Step 3: Create a rootfs image in EXT4 format.

[root@openeuler \~]# cd /home
[root@openeuler \~]# dd if=/dev/zero of=./rootfs bs=1G count=5
[root@openeuler \~]# mkfs.ext4 ./rootfs
[root@openeuler \~]# mkdir /mnt/rootfs; mount /home/rootfs /mnt/rootfs
[root@openeuler \~]# cd /mnt/rootfs
[root@openeuler \~]# wget
[root@openeuler \~]# tar -zxvf alpine-minirootfs-3.12.0-aarch64.tar.gz; rm alpine-minirootfs-3.12.0-aarch64.tar.gz
[root@openeuler \~]# rm sbin/init; touch sbin/init && cat \> sbin/init \<\<EOF
# ! /bin/sh
mount -t devtmpfs dev /dev
mount -t proc proc /proc
mount -t sysfs sysfs /sys
ip link set up dev lo
exec /sbin/getty -n -l /bin/sh 115200 /dev/ttyS0
poweroff -f
[root@openeuler \~]# chmod +x sbin/init
[root@openeuler \~]# cd /home; umount /mnt/rootfs

/home/rootfs is the created rootfs image.

Note: To obtain the latest alpine-mini rootfs of the x86_64 processor architecture, run the following commands:

[root@openeuler \~]# wget\_64/alpine-minirootfs-3.12.0-x86\_64.tar.gz
[root@openeuler \~]# tar -zxvf alpine-minirootfs-3.12.0-x86\_64.tar.gz
[root@openeuler \~]# rm alpine-minirootfs-3.12.0-x86\_64.tar.gz

Step 4: Run the stratovirt command to run the VM.

[root@openeuler \~]# rm /tmp/stratovirt.socket
[root@openeuler \~]# stratovirt -kernel /home/kernel/vmlinux.bin -append console=ttyS0 root=/dev/vda rw reboot=k panic=1 -drive file=/home/rootfs,id=rootfs -api-channel unix:/tmp/stratovirt.socket -serial stdio

After the VM is started, the serial port logs of the kernel startup is displayed on the terminal, indicating that the VM is started successfully. The following is part of the VM startup logs:

[    0.000000] Booting Linux on physical CPU 0x0000000000 [0x481fd010]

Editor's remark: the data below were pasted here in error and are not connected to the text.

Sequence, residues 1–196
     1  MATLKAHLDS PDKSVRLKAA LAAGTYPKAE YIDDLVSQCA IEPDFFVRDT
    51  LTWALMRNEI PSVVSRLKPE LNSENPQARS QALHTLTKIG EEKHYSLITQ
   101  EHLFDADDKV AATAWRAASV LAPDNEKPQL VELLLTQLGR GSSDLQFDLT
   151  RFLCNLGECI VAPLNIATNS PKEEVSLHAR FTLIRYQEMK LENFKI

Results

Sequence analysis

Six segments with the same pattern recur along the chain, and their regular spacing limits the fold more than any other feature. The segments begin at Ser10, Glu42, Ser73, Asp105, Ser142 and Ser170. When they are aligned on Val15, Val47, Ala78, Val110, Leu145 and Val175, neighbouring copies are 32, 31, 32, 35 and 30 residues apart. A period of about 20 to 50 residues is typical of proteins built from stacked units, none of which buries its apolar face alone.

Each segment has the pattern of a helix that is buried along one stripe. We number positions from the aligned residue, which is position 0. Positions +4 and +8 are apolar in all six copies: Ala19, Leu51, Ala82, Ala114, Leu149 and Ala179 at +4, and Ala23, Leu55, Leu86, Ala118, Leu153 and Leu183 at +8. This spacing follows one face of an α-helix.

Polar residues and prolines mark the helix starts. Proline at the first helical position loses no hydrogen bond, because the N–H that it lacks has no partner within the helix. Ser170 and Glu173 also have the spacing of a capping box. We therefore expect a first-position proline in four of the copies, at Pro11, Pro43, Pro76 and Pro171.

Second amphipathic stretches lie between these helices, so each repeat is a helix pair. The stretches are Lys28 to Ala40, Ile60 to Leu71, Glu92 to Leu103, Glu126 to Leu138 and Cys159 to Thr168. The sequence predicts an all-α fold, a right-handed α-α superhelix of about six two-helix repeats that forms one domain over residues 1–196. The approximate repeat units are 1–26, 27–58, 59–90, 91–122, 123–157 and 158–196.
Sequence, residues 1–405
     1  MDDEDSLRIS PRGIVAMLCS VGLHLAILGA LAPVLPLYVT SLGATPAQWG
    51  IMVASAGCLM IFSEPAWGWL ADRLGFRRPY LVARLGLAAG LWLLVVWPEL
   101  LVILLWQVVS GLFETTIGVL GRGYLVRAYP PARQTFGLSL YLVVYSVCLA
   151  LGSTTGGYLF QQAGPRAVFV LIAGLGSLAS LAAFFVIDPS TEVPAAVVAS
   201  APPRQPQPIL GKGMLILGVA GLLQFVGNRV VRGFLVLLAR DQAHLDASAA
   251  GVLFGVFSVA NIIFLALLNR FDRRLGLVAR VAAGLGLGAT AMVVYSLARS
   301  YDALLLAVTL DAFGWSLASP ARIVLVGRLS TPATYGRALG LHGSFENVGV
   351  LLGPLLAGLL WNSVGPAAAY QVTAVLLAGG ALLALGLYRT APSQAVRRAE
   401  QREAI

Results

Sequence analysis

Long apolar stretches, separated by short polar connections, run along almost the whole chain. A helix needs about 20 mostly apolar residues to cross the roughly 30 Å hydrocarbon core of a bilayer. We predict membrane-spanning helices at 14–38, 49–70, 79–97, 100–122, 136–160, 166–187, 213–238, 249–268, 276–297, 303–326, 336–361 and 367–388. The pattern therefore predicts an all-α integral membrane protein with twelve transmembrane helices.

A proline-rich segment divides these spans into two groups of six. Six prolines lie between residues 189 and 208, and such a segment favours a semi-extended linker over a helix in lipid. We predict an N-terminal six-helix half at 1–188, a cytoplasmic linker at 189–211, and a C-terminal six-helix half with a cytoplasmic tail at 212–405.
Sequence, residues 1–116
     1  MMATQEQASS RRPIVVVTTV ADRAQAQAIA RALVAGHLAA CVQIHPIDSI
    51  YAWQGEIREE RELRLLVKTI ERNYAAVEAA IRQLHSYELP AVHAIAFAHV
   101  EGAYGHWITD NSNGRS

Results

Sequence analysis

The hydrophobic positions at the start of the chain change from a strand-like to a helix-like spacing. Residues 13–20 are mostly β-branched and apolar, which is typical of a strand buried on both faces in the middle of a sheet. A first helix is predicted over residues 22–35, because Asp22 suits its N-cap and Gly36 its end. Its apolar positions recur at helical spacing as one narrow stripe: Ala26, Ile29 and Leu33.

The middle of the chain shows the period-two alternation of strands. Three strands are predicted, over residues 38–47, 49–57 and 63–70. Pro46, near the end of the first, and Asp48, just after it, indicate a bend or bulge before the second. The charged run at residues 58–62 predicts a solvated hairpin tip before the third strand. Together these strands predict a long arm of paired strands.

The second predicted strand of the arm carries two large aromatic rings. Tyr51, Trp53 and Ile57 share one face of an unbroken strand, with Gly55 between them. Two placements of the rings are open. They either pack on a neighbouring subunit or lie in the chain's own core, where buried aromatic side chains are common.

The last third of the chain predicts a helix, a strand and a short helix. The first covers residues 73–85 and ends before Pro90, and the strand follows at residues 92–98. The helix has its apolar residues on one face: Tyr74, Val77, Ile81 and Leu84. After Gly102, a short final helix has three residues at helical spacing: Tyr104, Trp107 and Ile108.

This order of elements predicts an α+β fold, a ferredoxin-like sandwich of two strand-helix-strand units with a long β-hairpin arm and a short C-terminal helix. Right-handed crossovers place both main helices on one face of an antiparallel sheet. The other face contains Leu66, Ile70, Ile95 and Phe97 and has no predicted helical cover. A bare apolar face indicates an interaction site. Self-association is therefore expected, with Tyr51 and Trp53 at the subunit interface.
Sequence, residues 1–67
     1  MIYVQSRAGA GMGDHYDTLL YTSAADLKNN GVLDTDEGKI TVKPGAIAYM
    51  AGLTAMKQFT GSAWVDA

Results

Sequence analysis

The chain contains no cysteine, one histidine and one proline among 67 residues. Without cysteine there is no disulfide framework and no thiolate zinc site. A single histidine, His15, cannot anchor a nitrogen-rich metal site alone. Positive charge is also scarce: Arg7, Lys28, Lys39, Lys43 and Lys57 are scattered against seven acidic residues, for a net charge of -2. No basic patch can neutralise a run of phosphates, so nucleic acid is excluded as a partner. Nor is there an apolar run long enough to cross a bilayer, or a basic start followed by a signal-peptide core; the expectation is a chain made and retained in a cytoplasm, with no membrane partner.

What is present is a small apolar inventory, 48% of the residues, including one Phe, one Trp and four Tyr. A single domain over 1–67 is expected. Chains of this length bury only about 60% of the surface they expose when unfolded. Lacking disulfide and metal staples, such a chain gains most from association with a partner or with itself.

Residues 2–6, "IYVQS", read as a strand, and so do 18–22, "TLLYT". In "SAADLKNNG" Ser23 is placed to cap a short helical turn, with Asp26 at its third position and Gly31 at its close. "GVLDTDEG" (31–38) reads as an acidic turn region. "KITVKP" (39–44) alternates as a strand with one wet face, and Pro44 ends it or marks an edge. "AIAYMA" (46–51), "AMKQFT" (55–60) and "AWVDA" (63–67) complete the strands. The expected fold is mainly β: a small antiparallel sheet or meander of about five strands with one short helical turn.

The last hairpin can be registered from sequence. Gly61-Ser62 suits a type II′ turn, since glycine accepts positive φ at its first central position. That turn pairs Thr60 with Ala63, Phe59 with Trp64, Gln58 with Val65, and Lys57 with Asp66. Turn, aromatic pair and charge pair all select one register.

[    0.000000] Linux version 4.19.152+ (root@localhost.localdomain) (gcc version (GCC)) #1 SMP Fri Oct 23 14:56:45 CST 2020
[    0.000000] Machine model: linux,dummy-virt
[    0.000000] earlycon: uart0 at MMIO 0x0000000040009000 (options '')
[    0.000000] bootconsole [uart0] enabled
[    0.113561] Freeing unused kernel memory: 576K
[    0.113957] Run /sbin/init as init process
/ \#

Note: For compilation and installation, use the binary file stratovirt in the corresponding path to run the VM.

Interconnecting with iSulad to Run Secure Containers

iSulad is a container engine that is light, flexible, smart, and fast. You can click here to learn more. What is a secure container? To put it simply, a secure container is a lightweight, executable software package that has been isolated from other software or processes running on the same virtual or physical host.

The following figure shows the architecture of a secure container.

The containers shown in the preceding figure run on independent VMs. StratoVirt provides secure isolation at the virtualization layer. We will use the iSulad container engine, kata containers runtime, and StratoVirt virtualization platform to run a secure container. If you want to run secure containers on other openEuler versions or Linux platforms, you can find the corresponding method at bilibili.